Unfunded Mandates Reform Act
Title II of the Unfunded Mandates Reform Act of 1995 (2 U.S.C. 1531-1538) (UMRA) establishes requirements for federal agencies to assess the effects of their regulatory actions on State, local, and tribal governments, and on the private sector. This rule does not impose any federal mandates on any State, local, or tribal governments, or on the private sector, within the meaning of UMRA.
Catalogue of Federal Domestic Assistance
The Catalogue of Federal Domestic Assistance Number for the principal FHA single-family mortgage insurance program is 14.117.
Start List of Subjects
List of Subjects
- Administrative practice and procedure
- Equal employment opportunity
- Fair housing
- Housing standards
- Lead poisoning
- Loan programs-housing and community development
- Mortgage insurance
- Organization and functions (Government agencies)
- Reporting and recordkeeping requirements
- Social Security
- Unemployment compensation
End List of Subjects
- Hawaiian natives
- Home improvement
- Loan programs—housing and community development
- Mortgage insurance
- Reporting and recordkeeping requirements
- Solar energy
Accordingly, for the reasons discussed in the preamble, HUD proposes to amend 24 CFR parts 200 and 203 to read as follows:
PART 200—INTRODUCTION TO FHA PROGRAMS
Start Amendment Part
1. The authority citation for part 200 continues to read as follows: End Amendment Part
Start Amendment Part
2. In § 200.145, add paragraph (c) to read as follows: End Amendment Part
Start Amendment Part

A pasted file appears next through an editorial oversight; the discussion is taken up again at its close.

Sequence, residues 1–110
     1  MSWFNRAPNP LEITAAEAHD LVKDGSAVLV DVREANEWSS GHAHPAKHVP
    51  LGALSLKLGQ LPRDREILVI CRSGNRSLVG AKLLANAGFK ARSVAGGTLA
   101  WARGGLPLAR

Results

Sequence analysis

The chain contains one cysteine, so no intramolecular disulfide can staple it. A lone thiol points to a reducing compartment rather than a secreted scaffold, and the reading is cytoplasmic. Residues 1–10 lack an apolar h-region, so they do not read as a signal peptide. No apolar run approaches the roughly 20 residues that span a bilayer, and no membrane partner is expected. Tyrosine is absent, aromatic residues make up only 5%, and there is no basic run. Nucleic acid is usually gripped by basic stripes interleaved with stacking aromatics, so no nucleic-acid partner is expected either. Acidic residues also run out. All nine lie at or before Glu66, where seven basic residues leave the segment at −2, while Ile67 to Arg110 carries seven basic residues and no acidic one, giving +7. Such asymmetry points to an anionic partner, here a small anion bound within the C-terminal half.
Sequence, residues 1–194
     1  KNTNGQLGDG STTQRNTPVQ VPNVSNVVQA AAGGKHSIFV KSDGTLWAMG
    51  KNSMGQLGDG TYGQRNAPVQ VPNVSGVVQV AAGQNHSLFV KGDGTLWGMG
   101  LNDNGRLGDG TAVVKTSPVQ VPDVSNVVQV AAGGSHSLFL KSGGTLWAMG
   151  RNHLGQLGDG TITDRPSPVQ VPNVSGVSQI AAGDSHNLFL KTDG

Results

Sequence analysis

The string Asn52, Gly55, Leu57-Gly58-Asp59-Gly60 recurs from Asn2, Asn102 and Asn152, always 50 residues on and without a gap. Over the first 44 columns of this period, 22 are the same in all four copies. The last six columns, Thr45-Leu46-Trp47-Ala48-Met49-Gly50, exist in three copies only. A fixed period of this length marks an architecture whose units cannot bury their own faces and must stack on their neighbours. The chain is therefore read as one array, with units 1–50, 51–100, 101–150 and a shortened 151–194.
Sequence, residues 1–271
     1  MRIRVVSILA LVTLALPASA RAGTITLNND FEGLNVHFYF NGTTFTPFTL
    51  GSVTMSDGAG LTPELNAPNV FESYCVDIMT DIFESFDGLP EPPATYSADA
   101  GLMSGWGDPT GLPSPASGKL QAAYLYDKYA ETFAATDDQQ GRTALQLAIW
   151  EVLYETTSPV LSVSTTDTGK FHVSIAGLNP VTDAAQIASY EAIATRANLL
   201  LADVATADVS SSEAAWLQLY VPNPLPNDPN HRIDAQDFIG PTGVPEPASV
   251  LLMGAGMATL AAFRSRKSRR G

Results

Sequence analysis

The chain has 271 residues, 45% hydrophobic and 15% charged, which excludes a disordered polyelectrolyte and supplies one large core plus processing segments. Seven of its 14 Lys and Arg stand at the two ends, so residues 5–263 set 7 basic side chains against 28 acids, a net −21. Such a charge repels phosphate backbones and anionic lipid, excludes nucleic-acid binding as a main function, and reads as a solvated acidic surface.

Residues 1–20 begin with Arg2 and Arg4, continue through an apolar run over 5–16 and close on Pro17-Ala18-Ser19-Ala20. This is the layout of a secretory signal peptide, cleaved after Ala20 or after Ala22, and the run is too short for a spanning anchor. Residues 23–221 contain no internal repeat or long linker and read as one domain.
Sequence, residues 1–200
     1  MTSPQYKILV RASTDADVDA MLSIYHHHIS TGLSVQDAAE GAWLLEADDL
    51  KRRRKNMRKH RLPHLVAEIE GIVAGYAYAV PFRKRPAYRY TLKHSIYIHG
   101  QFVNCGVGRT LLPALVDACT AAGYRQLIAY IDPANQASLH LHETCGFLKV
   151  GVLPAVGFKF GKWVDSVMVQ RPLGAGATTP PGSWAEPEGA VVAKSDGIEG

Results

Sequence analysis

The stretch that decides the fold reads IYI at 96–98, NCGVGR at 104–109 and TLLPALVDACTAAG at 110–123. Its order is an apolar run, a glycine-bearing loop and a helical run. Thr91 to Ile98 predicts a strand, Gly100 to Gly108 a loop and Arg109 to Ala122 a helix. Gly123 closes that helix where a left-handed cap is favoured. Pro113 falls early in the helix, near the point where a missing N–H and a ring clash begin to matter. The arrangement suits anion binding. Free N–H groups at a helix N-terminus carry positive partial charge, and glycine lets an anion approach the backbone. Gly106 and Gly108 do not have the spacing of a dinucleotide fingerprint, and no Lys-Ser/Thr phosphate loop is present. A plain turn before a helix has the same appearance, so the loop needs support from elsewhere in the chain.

Property and mortgage assessment.
* * * * *
(c) For all new construction as well as structural repairs and/or renovations of existing properties, to the extent that an inspection is required to determine if construction quality of a one- to four-unit property is acceptable as security for an FHA-insured loan, the following requirements apply:
(1)(i) In areas where local jurisdictions provide building code enforcement and the requisite documentation, the lender shall provide a copy of:
(A) The building permit, or its equivalent, and a copy of the certificate of occupancy, or its equivalent; or
(B) A satisfactory inspection notice for work completed, or its equivalent.
(ii) The documentation provided under paragraph (c)(1)(i) of this section shall be considered satisfactory evidence of completion of the work.
(2) In jurisdictions that do not provide building code enforcement and requisite documentation, three inspections are required for new construction. For existing construction, only one inspection and certification of work completed for repairs and renovations is required. For both new and existing construction, the lender shall, in order to ensure compliance with FHA requirements: